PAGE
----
He said: “When people start talking about armed resistance and conflict carried out by the Rohingya, it takes away the focus from what the Myanmar military has been doing to us, the Rohingya, for decades now.

"It helps to take the attention away from their war crimes and genocide. 

“The West and the UN have applied economic sanctions heavily. But there should be more emphasis on the International Criminal Court (ICC) case against the Myanmar military and whoever else was involved. 

“In the UK we started to campaign firstly by approaching our local councils. Then we approached MPs and Unions including the National Education Union. I spoke at their national annual conference in Brighton.

"We have worked with the Commonwealth office and the Foreign minister. I had a meeting with him before he visited Myanmar. We provided him with the Rohingya perspective of the issue.

Sirazul, who is studying for a Masters degree in Law, is a motivated and a knowledgeable advocate for the rights of his people. He is passionate about their right to return to their ancestral home and for their right to be free from oppression and violence.

The Manchester University graduate said: “On an international level we have worked with NGOs to raise awareness about the Rohingya issue. We want to demand the right to exist and for our struggle to be acknowledged.

“There are over 300 Rohingya in Bradford and a small number in London, Manchester and Sheffield. We raised £30,000 in 2017 which was used in the refugee camps. We donated medication, food and clean clothes.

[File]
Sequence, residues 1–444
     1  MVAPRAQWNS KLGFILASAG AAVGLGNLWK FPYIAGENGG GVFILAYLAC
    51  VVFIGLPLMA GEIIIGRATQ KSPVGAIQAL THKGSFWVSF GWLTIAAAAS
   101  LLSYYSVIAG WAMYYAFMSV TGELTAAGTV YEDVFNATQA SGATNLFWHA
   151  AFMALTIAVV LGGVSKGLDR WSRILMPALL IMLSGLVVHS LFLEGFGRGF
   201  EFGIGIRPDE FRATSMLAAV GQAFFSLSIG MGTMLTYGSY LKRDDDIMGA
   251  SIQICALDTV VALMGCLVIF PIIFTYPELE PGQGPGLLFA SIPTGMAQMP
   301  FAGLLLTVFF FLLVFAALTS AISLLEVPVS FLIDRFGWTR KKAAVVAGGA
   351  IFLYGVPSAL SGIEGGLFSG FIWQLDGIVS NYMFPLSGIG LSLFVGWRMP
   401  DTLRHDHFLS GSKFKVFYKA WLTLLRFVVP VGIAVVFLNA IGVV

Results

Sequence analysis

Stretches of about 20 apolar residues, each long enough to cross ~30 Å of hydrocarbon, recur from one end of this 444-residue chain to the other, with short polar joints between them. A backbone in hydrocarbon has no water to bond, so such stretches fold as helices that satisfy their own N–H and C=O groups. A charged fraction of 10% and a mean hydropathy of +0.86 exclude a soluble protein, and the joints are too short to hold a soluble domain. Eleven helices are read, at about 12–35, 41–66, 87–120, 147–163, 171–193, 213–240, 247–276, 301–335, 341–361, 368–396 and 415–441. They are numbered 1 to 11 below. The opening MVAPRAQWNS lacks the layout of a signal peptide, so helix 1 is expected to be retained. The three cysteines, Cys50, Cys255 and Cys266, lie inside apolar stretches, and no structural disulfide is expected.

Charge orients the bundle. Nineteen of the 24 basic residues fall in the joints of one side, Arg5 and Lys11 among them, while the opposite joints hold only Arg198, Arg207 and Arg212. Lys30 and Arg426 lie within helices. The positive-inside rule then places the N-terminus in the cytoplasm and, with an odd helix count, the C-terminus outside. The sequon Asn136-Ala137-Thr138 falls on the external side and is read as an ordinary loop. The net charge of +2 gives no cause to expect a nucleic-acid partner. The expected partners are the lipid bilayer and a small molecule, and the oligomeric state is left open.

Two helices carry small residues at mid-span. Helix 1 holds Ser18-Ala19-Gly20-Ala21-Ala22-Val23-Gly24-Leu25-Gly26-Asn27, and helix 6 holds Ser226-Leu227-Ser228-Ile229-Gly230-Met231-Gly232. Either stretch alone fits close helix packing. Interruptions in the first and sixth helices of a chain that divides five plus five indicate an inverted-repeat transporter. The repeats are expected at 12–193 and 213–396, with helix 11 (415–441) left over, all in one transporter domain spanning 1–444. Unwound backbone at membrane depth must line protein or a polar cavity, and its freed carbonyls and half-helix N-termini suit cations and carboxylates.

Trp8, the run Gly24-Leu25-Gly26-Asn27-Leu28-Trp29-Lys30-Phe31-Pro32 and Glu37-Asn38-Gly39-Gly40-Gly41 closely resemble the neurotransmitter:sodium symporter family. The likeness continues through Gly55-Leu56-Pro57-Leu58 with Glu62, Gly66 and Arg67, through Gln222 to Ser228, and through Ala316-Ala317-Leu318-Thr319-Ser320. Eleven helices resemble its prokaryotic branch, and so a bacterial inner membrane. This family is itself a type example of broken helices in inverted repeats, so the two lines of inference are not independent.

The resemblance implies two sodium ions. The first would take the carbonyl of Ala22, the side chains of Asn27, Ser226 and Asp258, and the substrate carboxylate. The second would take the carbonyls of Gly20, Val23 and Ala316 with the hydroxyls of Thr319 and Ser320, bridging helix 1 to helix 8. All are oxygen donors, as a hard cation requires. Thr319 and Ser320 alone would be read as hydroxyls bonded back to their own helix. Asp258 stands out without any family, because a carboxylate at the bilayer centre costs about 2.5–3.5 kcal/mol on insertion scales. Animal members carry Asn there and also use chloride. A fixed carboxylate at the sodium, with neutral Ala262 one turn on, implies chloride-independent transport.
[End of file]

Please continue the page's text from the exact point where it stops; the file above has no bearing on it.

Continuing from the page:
“There are Christian and Hindu Rohingya but a vast majority are Muslims. A lot of the racism and hatred is towards the Rohingya for being Muslims. This is basically a case of explicit Islamophobia like in many other parts of the world.”

The camps are restrictive for the Rohingya people, as they don’t have the right to medicine or the right to shelter and food. Everything is very limited, crowded and inadequate to house more than a million refugees. There are families of ten to 15 living in one room.

It is important to apply pressure on the British government to diplomatically fight the case on behalf of the Rohingya people.

This can be done by approaching your local MP and high ranking officials in government. What has been done to the Rohingya people is unconscionable and unacceptable. It must stop and they should be allowed back into their country with a guarantee of safety.

At the very least we should support this abused minority with financial, political and military support in their struggle.